Theresa May aims to stem tide of sleaze as her deputy faces probe over pornography claims

Theresa May is attempting to stem the tide of sleaze engulfing Westminster as her most senior Cabinet minister faces questioning over allegations made against him.

Britian's First Secretary of State Damian Green is being interviewed today as part of a Cabinet Office investigation which has been expanded to include claims that pornography was found on one of his parliamentary computers in 2008.

Mr Green, who is effectively the British Prime Minister's deputy, has strongly denied the claims.

After a turbulent weekend for the Tories which saw four MPs referred to the party's newly established disciplinary committee regarding allegations against them, Mrs May was attempting to get agreement on Parliament-wide anti-harassment procedures.

The PM is meeting other party leaders to try to plot a way forward after sleaze allegations began to dominate politics.

Mrs May is using a speech at the CBI conference today to say: "We need to establish a new culture of respect at the centre of our public life.

"One in which everyone can feel confident that they are working in a safe and secure environment, where complaints can be brought forward without prejudice and victims know that those complaints will be investigated properly.

"And where people's careers cannot be damaged by unfounded rumours circulated anonymously online."

The Cabinet Office inquiry into the First Secretary of State was triggered after Kate Maltby, who is three decades younger than Mr Green, claimed he "fleetingly" touched her knee during a meeting in a Waterloo pub in 2015, and a year later sent her a "suggestive" text message after she was pictured wearing a corset in the newspaper.

Mr Green said any allegation that he made sexual advances to Ms Maltby was "untrue (and) deeply hurtful".

The inquiry was broadened after The Sunday Times reported that a statement prepared by ex-Metropolitan Police assistant commissioner Bob Quick alleged "extreme porn" was discovered by officers searching Mr Green's parliamentary office following a spate of leaks of Home Office information in 2008.

Mr Quick said that he had not disclosed the allegations to the newspaper.

The First Secretary of State said: "This story is completely untrue and comes from a tainted and untrustworthy source.

"The allegations about the material and computer, now nine years old, are false, disreputable political smears from a discredited police officer. And amount to little more than an unscrupulous character assassination."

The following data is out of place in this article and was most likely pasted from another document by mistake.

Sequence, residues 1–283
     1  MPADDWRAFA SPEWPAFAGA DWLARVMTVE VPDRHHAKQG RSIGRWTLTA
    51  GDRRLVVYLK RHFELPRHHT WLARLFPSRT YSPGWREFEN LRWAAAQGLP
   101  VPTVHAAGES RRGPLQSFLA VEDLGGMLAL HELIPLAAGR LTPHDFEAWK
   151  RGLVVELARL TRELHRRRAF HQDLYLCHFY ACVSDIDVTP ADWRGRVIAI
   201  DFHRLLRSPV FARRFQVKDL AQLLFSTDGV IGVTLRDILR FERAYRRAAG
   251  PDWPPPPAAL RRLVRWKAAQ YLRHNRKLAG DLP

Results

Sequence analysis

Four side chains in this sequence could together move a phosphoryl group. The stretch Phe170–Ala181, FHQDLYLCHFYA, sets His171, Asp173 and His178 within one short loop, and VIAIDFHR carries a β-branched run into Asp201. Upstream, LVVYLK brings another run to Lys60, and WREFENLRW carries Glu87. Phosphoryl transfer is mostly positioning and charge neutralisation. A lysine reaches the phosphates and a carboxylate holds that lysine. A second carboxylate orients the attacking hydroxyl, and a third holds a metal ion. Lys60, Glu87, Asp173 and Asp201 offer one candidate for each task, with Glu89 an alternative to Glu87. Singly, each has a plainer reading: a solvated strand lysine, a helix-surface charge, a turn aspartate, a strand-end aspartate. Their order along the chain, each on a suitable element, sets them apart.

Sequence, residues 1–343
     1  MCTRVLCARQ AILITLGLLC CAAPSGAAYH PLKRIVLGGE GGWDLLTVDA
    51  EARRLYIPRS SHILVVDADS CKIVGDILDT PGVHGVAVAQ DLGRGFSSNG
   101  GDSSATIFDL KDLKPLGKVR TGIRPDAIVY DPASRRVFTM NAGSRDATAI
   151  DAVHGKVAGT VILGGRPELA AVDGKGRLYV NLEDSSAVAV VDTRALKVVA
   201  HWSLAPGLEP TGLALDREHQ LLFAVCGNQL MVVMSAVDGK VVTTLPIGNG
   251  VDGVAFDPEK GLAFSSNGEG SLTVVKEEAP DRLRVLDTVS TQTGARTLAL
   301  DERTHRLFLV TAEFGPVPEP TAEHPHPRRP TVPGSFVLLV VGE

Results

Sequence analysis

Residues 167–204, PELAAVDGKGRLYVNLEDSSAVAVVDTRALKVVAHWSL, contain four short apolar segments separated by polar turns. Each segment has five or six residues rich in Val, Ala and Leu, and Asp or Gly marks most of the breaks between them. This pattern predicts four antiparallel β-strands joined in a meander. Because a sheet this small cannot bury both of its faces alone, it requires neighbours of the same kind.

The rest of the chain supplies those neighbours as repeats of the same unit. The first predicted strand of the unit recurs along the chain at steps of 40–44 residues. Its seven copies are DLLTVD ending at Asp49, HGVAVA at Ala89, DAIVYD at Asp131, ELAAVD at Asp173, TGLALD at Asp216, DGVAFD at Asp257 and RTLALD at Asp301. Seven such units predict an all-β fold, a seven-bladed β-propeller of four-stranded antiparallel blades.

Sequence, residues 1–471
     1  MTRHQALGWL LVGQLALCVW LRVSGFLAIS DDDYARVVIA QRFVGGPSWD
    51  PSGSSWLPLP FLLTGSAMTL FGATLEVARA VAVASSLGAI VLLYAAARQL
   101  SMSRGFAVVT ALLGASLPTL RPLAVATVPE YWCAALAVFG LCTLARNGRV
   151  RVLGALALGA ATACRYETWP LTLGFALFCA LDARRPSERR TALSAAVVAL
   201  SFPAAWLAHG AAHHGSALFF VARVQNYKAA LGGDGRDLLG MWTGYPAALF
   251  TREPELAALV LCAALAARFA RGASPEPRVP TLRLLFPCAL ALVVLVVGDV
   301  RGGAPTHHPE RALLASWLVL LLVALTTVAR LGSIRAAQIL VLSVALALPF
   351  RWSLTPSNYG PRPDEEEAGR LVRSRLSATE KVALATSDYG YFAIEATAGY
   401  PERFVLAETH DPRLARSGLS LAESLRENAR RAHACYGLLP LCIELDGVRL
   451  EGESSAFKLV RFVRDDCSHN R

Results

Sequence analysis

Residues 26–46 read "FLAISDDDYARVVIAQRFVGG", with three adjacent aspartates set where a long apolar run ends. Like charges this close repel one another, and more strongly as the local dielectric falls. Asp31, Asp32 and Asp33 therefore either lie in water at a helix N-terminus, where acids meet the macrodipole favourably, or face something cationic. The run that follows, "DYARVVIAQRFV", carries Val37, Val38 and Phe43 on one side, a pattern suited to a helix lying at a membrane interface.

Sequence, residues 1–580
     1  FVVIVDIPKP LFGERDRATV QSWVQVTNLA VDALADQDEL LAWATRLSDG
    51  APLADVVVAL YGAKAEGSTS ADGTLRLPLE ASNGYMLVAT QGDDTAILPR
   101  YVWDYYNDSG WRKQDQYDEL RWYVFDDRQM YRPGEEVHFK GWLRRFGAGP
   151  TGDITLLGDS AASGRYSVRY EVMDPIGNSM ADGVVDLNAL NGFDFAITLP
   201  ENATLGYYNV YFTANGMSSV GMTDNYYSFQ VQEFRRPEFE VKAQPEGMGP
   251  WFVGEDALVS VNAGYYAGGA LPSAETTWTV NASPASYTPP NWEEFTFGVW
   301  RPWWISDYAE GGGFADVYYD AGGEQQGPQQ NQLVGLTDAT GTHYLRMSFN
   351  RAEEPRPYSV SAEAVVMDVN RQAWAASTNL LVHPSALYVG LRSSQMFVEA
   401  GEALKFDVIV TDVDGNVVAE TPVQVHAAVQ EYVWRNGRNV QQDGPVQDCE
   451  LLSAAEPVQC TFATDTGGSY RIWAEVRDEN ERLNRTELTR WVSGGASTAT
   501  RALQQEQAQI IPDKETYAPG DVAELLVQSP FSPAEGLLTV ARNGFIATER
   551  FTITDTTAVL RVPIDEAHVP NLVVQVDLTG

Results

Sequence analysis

Mr Quick is also being interviewed by the Cabinet Office inquiry.

Chris Pincher became the latest Tory MP to become embroiled in controversy when he stood down from the Whips' Office and referred himself to the party's complaints procedure and the police following allegations over his behaviour.

The move came after the Mail on Sunday reported that Mr Pincher had been accused of making an unwanted pass at former Olympic rower and Conservative activist Alex Story.

Mr Pincher told the newspaper: "If Mr Story has ever felt offended by anything I said then I can only apologise to him."

Home Secretary Amber Rudd signalled that MPs found guilty of sexual harassment could be kicked out of the Commons under a tough new crackdown.

The British Home Secretary said she wanted the sanction of sacking MPs to be considered as part of a major overhaul of anti-harassment procedures at Westminster.

She told Sky News: "I think that that is one of the things that I would encourage the review to look at. It may be the case, it may not.

"It is wrong for us to have a knee-jerk reaction based on the past week. I think what we need to do is look at the whole issue. There needs to be a procedure put in place as soon as possible."

The Home Secretary said Westminster was undergoing a "watershed moment", and insisted the end result of the spate of claims about inappropriate behaviour that has rocked politics will be positive after a "clear out".


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